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I have a set of investors (say n), and a set of startups (say m). At the start, I have all the investors say either yes or no to the startup (which corresponds to whether they want to interact with them or not).

Now, I have to conduct a networking event of r rounds considering this scenario. In each round, I match investors with startups they want to meet (one investor with one startup). I want to conduct the rounds such that the sum of the startups they met, across all investors, is maximum.

Now, if r=1, this reduces to the maximum bipartite matching problem. Does anyone have any ideas on how to solve this for r>1? I have been thinking along the lines of having the source and sink edge capacities to be r instead of 1, but I am unable to prove that this works.

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  • $\begingroup$ Have you searched for "weighted bipartite matching"? $\endgroup$ – Apass.Jack Dec 12 '18 at 6:27
  • $\begingroup$ Forgive me, but it's not obvious to me how this reduces to the weighted bipartite matching problem. I need a union of r matchings finally, so how would you visualize that being guaranteed? $\endgroup$ – Shubham Jain Dec 14 '18 at 5:43
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You can solve this by a mild extension of the standard reduction to network flow: increase the weight of the edges touching the source and the sink to $r$. Any integer flow corresponds to a union of $r$ matchings:

  • An integer flow corresponds to a bipartite graph of maximum degree $r$.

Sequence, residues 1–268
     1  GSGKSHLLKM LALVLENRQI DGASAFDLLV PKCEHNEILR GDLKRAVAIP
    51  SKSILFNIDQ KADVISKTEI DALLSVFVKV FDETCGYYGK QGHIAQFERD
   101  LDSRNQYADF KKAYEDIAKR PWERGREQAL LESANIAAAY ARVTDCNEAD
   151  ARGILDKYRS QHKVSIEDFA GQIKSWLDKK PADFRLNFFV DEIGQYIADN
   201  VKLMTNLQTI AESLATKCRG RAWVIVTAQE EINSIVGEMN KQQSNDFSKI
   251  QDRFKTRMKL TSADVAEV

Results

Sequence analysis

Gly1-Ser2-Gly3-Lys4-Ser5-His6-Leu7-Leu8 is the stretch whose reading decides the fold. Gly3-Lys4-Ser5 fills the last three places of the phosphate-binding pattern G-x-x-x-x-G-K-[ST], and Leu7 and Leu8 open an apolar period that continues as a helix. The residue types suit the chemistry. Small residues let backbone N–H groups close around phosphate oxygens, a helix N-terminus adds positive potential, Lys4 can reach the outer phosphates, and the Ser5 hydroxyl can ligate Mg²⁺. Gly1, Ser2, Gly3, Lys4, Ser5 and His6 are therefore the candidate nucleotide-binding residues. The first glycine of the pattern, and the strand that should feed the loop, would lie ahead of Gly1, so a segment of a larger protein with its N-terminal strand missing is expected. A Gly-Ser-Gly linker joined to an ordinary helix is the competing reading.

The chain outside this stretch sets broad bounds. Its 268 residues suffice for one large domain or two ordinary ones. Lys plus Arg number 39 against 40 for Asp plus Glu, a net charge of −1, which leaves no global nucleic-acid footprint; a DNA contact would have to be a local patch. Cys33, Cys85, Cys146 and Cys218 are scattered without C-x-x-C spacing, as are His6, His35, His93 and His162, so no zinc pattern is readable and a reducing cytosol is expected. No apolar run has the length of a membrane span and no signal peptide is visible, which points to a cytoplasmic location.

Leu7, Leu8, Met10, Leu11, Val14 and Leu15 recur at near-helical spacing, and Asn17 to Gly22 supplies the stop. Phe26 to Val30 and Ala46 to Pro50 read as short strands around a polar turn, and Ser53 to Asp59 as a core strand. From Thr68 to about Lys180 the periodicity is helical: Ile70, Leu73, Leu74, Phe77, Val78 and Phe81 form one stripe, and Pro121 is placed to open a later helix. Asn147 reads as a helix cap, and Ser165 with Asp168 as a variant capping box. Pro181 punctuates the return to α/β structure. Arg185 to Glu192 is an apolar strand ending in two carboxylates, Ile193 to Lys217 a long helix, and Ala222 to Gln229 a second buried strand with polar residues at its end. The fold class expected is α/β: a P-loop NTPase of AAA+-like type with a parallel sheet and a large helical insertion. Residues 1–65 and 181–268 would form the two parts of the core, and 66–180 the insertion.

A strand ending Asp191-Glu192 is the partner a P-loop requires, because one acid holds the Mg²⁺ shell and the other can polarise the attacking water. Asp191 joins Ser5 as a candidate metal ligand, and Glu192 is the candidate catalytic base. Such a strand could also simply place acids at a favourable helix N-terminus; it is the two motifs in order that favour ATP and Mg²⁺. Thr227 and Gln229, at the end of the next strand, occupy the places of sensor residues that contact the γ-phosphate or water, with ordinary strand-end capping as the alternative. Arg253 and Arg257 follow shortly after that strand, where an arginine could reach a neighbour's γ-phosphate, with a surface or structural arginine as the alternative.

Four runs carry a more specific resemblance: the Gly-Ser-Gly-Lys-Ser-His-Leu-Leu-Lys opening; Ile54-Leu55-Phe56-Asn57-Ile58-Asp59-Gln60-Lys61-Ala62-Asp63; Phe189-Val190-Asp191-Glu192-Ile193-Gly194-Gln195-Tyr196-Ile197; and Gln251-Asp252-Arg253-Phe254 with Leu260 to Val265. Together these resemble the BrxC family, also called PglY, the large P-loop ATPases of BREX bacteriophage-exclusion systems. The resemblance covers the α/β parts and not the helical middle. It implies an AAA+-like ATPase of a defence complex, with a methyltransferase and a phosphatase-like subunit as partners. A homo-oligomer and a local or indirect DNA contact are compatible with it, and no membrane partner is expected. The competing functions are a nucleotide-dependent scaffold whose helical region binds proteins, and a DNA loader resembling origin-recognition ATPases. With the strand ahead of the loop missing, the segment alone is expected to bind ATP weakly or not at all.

• We can complete this bipartite graph to an $r$-regular bipartite graph by adding vertices and edges:
    1. Add vertices so that both sides have the same number of vertices.
    2. If the graph is not $r$-regular, then there must be two vertices $x,y$ (one on each side) with degree less than $r$. Add $r$ new vertices $x_1,\ldots,x_r$ and $y_1,\ldots,y_r$ to each side (respectively), and connect all of them except $x_1$ and $y_1$. Connect $x$ to $y_1$ and $y$ to $x_1$. This reduces the overall deficiency of the graph $\sum_v (r - \deg(v))$ by 1.
  • Repeated applications of Hall's theorem shows that the new graph can be decomposed into $r$ perfect matchings.
  • Restricting these matchings to the original vertices and edges, we obtain a union of $r$ matchings.

Schrijver mentions this problem in his Combinatorial Optimization (Vol 1):

Corollary 21.4b. Let $G = (V,E)$ be a bipartite graph and let $k \in \mathbb{Z}_+$. Then the maximum size of the union of $k$ matchings is equal to the minimum value of $k|V \setminus X| + |E(X)|$ taken over $X \subseteq V$.

This follows by an application of the min cut max flow theorem.

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